Fundraising for an event is the most common type of volunteer role in the United States. The state of the climate is the main concern of people concerned about the environment, especially younger generations. Around 69% of members of Generation Z (adults born after age 1999) are anxious about climate change, and 37% of Generation Z and 33% of millennials (born after 1998) say it is their “main personal concern” (Pew Research, 2020). What's interesting is that they want to address the problem both online and offline.
Online activism, such as promoting on social media, signing petitions, or tracking carbon use, can be great ways to engage these younger generations. The popularity of health and wellness has increased the desire to eat fresh, local and organic food and to be connected to where the food comes from. Working on a farm can help relieve stress, making it one of the most popular types of volunteering. From joining a local garden cooperative, where volunteers share a gardening space, to helping local farmers sell fresh fruits and vegetables through community-supported agriculture (CSA), volunteer opportunities abound to work in the field.
Harvesting, farm-to-table processing, food distribution, nutrition, and hunger-related activities fit this pattern. The types of volunteering within the conservation space are diverse. They can include active participation, such as helping to inventory biodiversity. They can also include more opportunities to work at the desktop, such as helping with the design and monitoring of the geographic information system (GIS).
Permaculture is a holistic way of looking at our relationship with the Earth. We can live harmoniously in a property if we analyze our needs in conjunction with those of the natural world that surrounds us. The projects vary by geography, but include the integration of different agricultural techniques and, at the same time, the protection of wildlife and native forests. Agricultural work can be in a rural, community, agricultural or permaculture project.
The best of these projects include local outreach, such as demonstration farms and educational workshops in schools that support a change in the way people think about agriculture throughout the community. Volunteers can work with children in an orphanage or day care center, give English or math classes to teenagers, or organize sports activities for at-risk youth. The most effective child care centers are those that offer quality education that prepares children and young people for an economically viable future and that offer alternatives to the temptations of drugs and gangs. This broad category includes everything from installing solar panels in a health clinic or water collection systems in a school and training firefighters in response to emergencies to supporting the administration of microcredit programs. For those who prefer a tangible sign of progress, projects in the area of construction, from installing a better stove to building a house, can be especially satisfying. Educational programs range from lending a hand in an elementary school to teaching English to adults to improve their job opportunities. Volunteers can provide vocational training or health and hygiene education through workshops, or give private lessons to struggling students in an after-school program. Environmental projects can include volunteers working in an office preparing educational materials, outside creating trails (or recycling, collecting garbage, or planting and caring for flora), or in schools or neighborhood centers that offer community outreach activities. In a context where putting food on the table is a more urgent need than caring for the environment for many families, volunteers should look for projects that combine community outreach and education with their efforts, and know that their presence can help draw attention to an area that the local community might have overlooked in the past. Volunteers can choose between activities such as protecting baby turtles on their journey from the nest to the sea, supporting the rehabilitation of injured and trafficked animals, or restoring the natural habitats of endangered species.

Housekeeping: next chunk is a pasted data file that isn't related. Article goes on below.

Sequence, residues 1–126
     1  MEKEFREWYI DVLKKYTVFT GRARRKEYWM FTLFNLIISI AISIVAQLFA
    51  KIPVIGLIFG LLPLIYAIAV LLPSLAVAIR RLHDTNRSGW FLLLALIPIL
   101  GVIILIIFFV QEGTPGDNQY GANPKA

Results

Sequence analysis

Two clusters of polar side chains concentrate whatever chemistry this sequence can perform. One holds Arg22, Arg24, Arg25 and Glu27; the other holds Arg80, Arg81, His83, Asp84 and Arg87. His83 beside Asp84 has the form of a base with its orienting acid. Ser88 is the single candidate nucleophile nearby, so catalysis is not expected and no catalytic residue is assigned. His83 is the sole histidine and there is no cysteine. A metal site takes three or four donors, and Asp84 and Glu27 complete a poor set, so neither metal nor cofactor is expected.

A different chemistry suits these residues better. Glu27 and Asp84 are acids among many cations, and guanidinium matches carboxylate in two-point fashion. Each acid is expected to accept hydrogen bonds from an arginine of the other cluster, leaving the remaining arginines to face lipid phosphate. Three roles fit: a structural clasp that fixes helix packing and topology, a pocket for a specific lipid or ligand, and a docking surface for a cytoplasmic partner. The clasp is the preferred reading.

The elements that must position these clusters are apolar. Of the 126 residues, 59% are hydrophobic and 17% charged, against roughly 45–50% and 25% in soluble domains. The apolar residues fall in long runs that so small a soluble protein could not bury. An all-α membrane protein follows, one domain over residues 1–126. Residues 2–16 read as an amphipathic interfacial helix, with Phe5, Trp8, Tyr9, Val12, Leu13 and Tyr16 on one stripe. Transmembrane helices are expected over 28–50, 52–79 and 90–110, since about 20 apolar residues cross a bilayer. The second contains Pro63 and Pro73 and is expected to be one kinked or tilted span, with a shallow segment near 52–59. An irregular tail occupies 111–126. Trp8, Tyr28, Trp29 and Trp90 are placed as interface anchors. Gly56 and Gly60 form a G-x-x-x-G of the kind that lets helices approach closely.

Not all wildlife protection projects allow volunteers to work with their animals; instead, the work may focus on cleaning cages, restoring natural habitats, or visually monitoring animal activity in the wild. Programs that help develop alternative sources of income generation for the community are especially interesting since they turn many “wildlife protection” projects into a combination of environment, education and community development. Volunteer opportunities that focus on women may include promoting artisanal weavers' associations or supporting workshops on topics ranging from civil rights to household finance. According to UN Women “there is a direct relationship between the increase in female labor participation and growth” and World Bank studies show that women are more likely than men to spend their income on food and education for their children making investments in women a fundamental part of development.